Russia President Vladimir Putin signed the federal law, “On Amendments to the Federal Law ‘On Measures of Influence (Counteraction) on Unfriendly Actions of the United States of America and Other Foreign States,’” on May 1, substantially restricting the ability of Russian banks to disclose information to foreign regulators, in particular, under the US National Defense Authorization Act.
The Russian government introduced the law to State Duma in June 2021. As stated in the explanatory note, the purpose of the law is to protect Russia against legislative initiatives of “unfriendly states” for Russian banks to disclose bank secrecy under the threat of penalties.
Particularly, the law was prompted by the adoption of the National Defense Authorization Act for Fiscal Year 2021 (NDAA) in the United States, which, among other things, entitles the US secretary of the treasury and the US attorney general to request any information relating to the accounts of foreign banks (including Russian banks) that maintain correspondent accounts in the United States (Section 6308) that are subject to certain types of investigations specified in the NDAA.
According to the law, Russian banks are now banned from sharing information about their customers, transactions, and representatives of their customers and beneficiaries and beneficial owners (the Forbidden Information) with government bodies of foreign states (including judicial authorities) without the prior consent of the authorized government body.
Each time a Russian bank is requested to disclose the Forbidden Information by a foreign government body, it shall report such request to the Central Bank of Russia, which then passes this information on to the Russian authorized government body. If the authorized government body decides that the Forbidden Information may be disclosed, the prohibition shall not apply.
The Russian president shall determine which government body is authorized to grant the relevant permissions.
At present, a similar procedure for disclosure of information is stipulated for sharing the banks’ records with foreign tax authorities.
Namely, according to Federal Law No. 173-FZ dated June 28, 2014, “On Peculiarities of Financial Transactions with Foreign Citizens and Legal Entities, on Amendments to the Code of Administrative Offences of the Russian Federation and the Repeal of Certain Provisions of Legislative Acts of the Russian Federation” (Law 173-FZ), Russian financial institutions may not disclose information about their customers to foreign tax authorities (or foreign tax agents authorized to withhold taxes) without the prior consent of the customer and the Russian Federal Service for Financial Monitoring (Rosfinmonitoring).
The Law expressly stipulates that it shall not apply to the disclosure of information under Law 173-FZ.
Consequently, the disclosure of information to foreign tax authorities is still regulated by Law 173-FZ, and the new procedure shall only apply to the disclosure of information to all other (non-tax) foreign public authorities.
As noted above, the law shall not apply to the disclosure of information to foreign tax authorities (including disclosure under FATCA, which falls within the provisions of Law 173-FZ).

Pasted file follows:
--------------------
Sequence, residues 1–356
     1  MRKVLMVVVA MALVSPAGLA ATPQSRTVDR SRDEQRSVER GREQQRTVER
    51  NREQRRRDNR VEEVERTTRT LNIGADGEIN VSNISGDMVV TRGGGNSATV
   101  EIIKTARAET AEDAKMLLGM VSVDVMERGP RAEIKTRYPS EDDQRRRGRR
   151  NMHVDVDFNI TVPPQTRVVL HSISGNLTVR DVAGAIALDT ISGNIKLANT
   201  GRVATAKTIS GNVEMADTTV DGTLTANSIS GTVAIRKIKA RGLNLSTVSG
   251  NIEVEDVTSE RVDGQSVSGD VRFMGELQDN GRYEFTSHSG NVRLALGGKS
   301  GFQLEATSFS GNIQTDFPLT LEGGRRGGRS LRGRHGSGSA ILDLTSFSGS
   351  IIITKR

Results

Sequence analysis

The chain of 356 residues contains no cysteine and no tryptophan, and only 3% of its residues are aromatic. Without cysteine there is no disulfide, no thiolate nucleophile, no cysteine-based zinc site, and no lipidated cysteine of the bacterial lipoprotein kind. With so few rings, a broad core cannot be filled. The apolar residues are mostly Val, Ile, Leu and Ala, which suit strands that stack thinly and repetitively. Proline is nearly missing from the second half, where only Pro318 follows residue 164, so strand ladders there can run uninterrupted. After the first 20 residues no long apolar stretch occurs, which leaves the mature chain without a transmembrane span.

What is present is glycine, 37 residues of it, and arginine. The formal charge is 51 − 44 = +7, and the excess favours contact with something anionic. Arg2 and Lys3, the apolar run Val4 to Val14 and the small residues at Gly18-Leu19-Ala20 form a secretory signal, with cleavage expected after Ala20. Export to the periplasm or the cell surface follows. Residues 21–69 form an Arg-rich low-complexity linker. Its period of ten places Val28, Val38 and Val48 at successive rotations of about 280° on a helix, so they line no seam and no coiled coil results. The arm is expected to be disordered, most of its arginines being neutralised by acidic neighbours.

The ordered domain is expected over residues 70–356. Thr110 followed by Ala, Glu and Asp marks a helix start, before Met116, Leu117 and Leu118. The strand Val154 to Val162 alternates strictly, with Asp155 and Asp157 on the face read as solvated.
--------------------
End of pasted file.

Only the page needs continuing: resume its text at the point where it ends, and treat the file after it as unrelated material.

However, it potentially may have a substantial impact on Russian banks. In particular, according to Section 6308 of the NDAA, a US financial institute may be obliged to terminate any correspondent relationship with a foreign bank that fails to comply with an order to disclose information to the US secretary of the treasury or the US attorney general issued under the NDAA.
Therefore, a correspondent account of a Russian bank may be closed if there is any delay on the part of the Russian authorized government body as to granting consent under the law, ultimately resulting in that bank not being able to clear cross-border US dollar payments. Similar consequences may appear in other jurisdictions.
Further, if the bank secrecy is required to be disclosed to a foreign public authority as part of non-Russian legal procedures, regulatory filing, multijurisdictional acquisition, or other similar circumstances, such disclosure of information shall be made in accordance with the procedure prescribed by the law, which may delay and complicate the relevant process.
Although it does not expressly follow, issues may arise if the law is interpreted broadly, i.e., as prohibiting the disclosure of bank secrecy in response to any requests coming from outside Russia (e.g., if such request were made by a foreign bank at the direction of the foreign public authority).
Trainee associate Egor Chubov contributed to this LawFlash.
Our lawyers have long been trusted advisers to clients navigating the complex and quickly changing global framework of international sanctions. Because companies must closely monitor evolving government guidance to understand what changes need to be made to their global operations to maintain business continuity, we offer this centralized portal to share our insights and analyses. To receive the latest updates, subscribe to our Ukraine Conflict: How to Maintain Global Business Continuity mailing list.
If you have any questions or would like more information on the issues discussed in this LawFlash, please contact any of the following Morgan Lewis lawyers:
Giovanna M. Cinelli
Kenneth J. Nunnenkamp
Georgia M. Quenby
Carl A. Valenstein
Dr. Axel Spies
Abaigael R. Clifford
Jiazhen (Ivon) Guo
Katelyn M. Hilferty
Daniel Lopez Rus
Charles C. Rush